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Curr Dev Nutr. 2019 Jun 13;3(Suppl 1). pii: nzz048.OR03-05-19. doi: 10.1093/cdn/nzz048.OR03-05-19. eCollection 2019 Jun.

Association of Food and General Parenting Practices with Young Children's Dietary Behaviors and the Role of Child Difficulty in Self-regulation (OR03-05-19).

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Arnold School of Public Health, University of South Carolina.
University of South Carolina.
Institute for Families in Society.
Health Promotion and Physical Education, Ithaca College.



Understand the association of food and general parenting practices with young children's dietary behaviors and the role of child difficulty in self-regulation in this relationship.


Data were from the Early Childhood Longitudinal Study - Birth Cohort. Parent-child dyads with non-missing outcomes at age 5 (i.e., weekly frequency of intake of sugar-sweetened beverages, sweet foods and desserts, salty snack foods, fruits, and vegetables) were used (n = 3,250 boys and 3,150 girls). Analyses were done separately for boys and girls. Regression models with full information maximum likelihood were used accounting for clusters in Stata. Each outcome was regressed on food parenting variables at age 4 (i.e., rules about foods, and meal routines of eating as a family and at a regular time) and covariates. General parenting variables at age 4 (i.e., parent-child interaction, difficulty sticking with rules, harsh discipline, rules about watching television, and rules about bedtime), child difficulty in self-regulation at age 4, and their interactions were then added sequentially.


Better food parenting practices at age 4 were associated with less frequent intake of unhealthy and more frequent intake of healthy foods and beverages in both boys and girls at age 5, with some differences by gender. General parenting practices at age 4 were associated with dietary behaviors differently for boys and girls. Difficulty in self-regulation at age 4 significantly modified the association between parenting practices and child's dietary behaviors for boys (evening meals at a regular time and intake of sweet foods and desserts) and girls (parent-child interaction and intake of sugar-sweetened beverages; difficulty sticking with rules and intake of sweet foods and desserts; rules about foods and intake of fruits and vegetables; and harsh discipline and intake of fruits).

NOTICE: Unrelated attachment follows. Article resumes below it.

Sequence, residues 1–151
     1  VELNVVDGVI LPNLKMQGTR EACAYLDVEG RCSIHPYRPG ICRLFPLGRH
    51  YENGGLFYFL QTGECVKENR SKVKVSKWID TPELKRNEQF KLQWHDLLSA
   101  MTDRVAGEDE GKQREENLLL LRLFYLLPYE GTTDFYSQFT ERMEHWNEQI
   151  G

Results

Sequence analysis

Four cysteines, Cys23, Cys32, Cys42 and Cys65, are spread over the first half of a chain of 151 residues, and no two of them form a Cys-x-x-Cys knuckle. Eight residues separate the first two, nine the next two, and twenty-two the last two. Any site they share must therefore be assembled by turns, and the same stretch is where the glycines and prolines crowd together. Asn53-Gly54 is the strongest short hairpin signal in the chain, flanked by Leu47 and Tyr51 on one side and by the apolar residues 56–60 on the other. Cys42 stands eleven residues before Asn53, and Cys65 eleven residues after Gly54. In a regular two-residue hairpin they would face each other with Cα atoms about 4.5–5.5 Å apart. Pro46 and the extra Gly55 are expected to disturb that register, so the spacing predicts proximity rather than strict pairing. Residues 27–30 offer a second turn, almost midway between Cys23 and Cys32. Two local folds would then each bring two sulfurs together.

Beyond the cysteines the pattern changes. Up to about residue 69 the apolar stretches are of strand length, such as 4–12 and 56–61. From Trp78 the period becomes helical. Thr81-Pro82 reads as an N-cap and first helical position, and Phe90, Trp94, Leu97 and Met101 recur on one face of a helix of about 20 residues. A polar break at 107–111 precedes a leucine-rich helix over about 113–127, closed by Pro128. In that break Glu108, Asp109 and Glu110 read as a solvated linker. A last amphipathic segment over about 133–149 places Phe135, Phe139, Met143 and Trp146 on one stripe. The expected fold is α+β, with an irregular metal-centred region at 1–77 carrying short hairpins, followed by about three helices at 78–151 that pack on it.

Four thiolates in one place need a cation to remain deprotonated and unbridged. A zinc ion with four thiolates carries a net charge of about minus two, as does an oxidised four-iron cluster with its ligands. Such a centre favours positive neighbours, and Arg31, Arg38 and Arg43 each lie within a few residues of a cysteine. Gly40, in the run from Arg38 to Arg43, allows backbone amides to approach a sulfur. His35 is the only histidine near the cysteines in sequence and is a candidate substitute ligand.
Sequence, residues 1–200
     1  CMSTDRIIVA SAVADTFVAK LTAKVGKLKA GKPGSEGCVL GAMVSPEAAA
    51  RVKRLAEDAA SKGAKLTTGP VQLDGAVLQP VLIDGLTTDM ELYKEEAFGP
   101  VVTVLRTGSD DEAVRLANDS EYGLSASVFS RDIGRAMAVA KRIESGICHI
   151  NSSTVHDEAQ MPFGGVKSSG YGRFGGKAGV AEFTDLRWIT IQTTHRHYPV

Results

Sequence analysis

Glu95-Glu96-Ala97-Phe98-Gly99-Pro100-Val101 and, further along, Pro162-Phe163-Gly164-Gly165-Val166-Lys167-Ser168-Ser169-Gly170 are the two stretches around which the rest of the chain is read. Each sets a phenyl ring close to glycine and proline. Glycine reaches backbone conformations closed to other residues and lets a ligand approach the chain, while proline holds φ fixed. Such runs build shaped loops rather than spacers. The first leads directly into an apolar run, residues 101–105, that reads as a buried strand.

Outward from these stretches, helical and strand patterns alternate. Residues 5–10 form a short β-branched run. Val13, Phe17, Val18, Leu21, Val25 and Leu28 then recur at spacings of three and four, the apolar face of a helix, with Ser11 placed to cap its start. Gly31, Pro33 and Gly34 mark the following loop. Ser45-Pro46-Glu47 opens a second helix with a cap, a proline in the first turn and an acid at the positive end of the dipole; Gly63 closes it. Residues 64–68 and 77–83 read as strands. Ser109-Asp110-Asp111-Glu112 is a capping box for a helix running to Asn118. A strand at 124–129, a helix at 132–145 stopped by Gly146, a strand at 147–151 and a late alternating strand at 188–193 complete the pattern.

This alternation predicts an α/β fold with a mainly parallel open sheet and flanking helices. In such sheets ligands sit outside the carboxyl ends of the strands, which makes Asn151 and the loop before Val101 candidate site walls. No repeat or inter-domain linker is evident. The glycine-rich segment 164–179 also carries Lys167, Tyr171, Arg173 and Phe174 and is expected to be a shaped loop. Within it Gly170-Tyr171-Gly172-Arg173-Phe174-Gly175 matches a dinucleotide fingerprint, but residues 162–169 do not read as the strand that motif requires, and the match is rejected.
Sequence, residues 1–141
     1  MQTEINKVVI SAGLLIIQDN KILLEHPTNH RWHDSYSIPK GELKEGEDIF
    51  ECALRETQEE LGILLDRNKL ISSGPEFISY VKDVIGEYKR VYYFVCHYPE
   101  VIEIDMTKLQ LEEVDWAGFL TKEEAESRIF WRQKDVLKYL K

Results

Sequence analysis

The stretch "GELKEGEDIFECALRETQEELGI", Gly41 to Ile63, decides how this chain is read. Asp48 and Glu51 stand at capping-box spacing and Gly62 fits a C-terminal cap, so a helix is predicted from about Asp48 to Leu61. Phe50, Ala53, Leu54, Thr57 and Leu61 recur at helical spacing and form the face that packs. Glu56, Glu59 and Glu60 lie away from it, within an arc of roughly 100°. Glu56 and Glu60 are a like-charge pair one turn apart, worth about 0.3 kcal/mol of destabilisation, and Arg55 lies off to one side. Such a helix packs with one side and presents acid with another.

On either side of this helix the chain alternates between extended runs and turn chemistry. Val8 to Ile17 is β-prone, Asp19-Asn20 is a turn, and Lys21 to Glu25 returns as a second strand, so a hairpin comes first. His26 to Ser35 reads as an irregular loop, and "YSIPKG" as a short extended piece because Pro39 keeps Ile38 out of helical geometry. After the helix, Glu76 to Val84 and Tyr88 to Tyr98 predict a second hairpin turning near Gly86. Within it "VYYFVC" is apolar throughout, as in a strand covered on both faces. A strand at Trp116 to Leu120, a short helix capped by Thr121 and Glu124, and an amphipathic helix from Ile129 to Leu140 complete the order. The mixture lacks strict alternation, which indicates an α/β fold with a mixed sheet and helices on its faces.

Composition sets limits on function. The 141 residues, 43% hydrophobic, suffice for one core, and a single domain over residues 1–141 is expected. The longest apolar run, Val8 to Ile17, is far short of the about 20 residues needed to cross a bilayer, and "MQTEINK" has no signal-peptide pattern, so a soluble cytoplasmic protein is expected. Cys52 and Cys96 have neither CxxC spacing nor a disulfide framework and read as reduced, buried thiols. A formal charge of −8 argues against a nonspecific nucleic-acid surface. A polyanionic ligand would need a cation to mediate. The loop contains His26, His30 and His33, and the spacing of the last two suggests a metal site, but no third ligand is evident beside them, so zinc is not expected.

Better food parenting and general parenting practices at age 4 were associated with children's healthy dietary behaviors at age 5. These associations differed by gender and child difficulty in self-regulation. Interventions to improve children's dietary behaviors should target parents and children to promote positive parenting in food and non-food settings and support children with difficulty in self-regulation.

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